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Landowners demand the right to kill birds of prey as numbers grow

THE law should be changed to allow birds of prey to be killed by landowners when numbers grow out of control, according to a director of the Scottish Countryside Alliance.

The controversial suggestion has been made by Tim Baynes, moorlands director, who thinks numbers of some raptors, especially buzzards and goshawks, are becoming unmanageable.

He is worried protected or fragile species such as wading moorland birds and red squirrels, as well as game birds, are at risk, particularly from buzzards because their numbers are increasing so rapidly.

However, the suggestion has been met with fierce criticism from RSPB Scotland.

Mr Baynes said: "It's an increasing problem as the number of buzzards and birds of prey goes up. We won't notice it for a couple of years and by the time it's obvious, it's too late.

"It needs the will to look at it as an ecological problem and see how many of these species can we tolerate if we want to have the other birds about. Moorland is a very fragile habitat."

Although it is possible for landowners to apply for a licence to control birds of prey to protect other species, none has ever been granted.

Usually rigorous evidence spanning five years is needed before such a licence would be granted.

Mr Baynes thinks the lack of flexibility in the law is leading some landowners to feel forced to take illegal action.

"Whenever people have applied for a licence to control buzzards they have been turned down," he said.

" There might be some people who think, 'What are we going to do?' They might resort to poisoning.

"It's totally wrong, but if the law is completely inflexible that may be a reason why it's happening. No-one wants to poison things, and it's a crime with quite a big ticket but there will be some people who think they have got no option."

Mr Baynes suggests one technique for controlling the birds could be to prick the eggs so they are unable to hatch.

Douglas McAdam, chief executive of the Scottish Rural Property and Business Association, agreed that the law needs to be changed.

"No single species should have more protection than any other species," he said. "We do not condone the breaking of the law in any shape or form but we make no secret of the fact we would like to see the law changed."

But Duncan Orr-Ewing, head of species and land management at RSPB Scotland, said it has taken 200 years for the buzzard population to recover from persecution during the Victorian period.

"History tells us and also the ecology of the birds tells us that allowing control of species such as raptors is not a good thing because they are quite vulnerable to increased mortality," he said.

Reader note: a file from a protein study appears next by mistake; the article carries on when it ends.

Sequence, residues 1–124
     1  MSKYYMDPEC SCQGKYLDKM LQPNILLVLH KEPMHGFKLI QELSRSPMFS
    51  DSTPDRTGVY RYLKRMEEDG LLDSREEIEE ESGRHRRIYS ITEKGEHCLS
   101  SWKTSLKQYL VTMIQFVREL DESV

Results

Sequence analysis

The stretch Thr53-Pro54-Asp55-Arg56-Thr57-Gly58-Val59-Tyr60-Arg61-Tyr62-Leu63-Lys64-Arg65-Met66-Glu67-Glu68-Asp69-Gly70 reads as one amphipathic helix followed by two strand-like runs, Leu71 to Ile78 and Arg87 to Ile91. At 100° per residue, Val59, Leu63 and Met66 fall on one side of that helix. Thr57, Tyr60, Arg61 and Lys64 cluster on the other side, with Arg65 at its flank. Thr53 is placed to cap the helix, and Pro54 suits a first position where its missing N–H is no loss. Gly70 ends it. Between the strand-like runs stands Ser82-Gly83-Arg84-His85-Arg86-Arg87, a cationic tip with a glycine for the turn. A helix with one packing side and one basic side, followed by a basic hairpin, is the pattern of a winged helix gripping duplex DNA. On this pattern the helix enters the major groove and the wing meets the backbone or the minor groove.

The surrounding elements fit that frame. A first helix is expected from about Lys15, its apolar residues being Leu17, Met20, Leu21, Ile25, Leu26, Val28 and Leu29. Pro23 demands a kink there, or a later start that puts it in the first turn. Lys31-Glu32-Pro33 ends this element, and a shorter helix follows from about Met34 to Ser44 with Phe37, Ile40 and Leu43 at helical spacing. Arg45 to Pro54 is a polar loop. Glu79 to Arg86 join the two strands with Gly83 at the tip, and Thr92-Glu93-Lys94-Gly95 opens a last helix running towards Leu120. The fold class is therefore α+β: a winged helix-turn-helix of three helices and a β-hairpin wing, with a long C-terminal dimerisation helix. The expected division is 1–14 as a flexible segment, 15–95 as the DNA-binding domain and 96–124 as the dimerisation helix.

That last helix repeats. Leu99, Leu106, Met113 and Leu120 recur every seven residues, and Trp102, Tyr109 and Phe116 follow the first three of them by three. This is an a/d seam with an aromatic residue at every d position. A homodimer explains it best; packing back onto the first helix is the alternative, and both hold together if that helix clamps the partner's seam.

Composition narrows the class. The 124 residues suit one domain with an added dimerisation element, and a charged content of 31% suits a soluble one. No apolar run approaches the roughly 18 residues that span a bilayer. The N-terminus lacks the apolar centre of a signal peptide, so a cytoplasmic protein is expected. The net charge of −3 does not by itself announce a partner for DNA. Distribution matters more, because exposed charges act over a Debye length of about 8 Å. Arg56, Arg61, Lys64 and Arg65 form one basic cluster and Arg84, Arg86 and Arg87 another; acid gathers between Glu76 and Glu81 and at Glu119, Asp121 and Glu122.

"They are at the top of the food chain. If you remove them we know their populations are quite slow to recover."

He added that evidence shows that the main prey eaten by buzzards is rabbits, not vulnerable species.

Many hurdles before a licence to cull is granted

UNDER current laws, scrupulous evidence spanning five years is required before a licence would be granted for a cull of birds of prey on an estate owner's land.

Landowners have applied to Scottish Natural Heritage and the Scottish Government in the past for licences to control buzzards to protect pheasants and other species – but none has ever been granted.

However, permission has been given in some cases to cull ravens that are known to be killing lambs.

Under section 16 of the Wildlife and Countryside Act a long list of criteria must be met. These include:

&#149 Evidence must be provided to prove wild birds are being attacked by the predator.

&#149 Proof must be given that other non-lethal methods have been tried, such as putting up scarecrows.

&#149 Consideration must be given to whether the impacts noticed are just due to normal cyclical variations. Red grouse populations go through cycles caused by changing conditions.

&#149 Observations over five years must be provided to show a long-term decline in the threatened species.

Scottish Natural Heritage will then take all the evidence into consideration when forming an opinion as to whether control measures need to be put in place.

HOW YOU CAN HELP

The Scotsman is committed to helping the Scottish Society for the Prevention of Cruelty to Animals catch those responsible for illegally killing birds of prey and other wildlife.

Information about raptor poisonings and other incidents of wildlife crime can be passed to police via the National Wildlife Crime Unit in North Berwick on 01620 893607.

 
 
 

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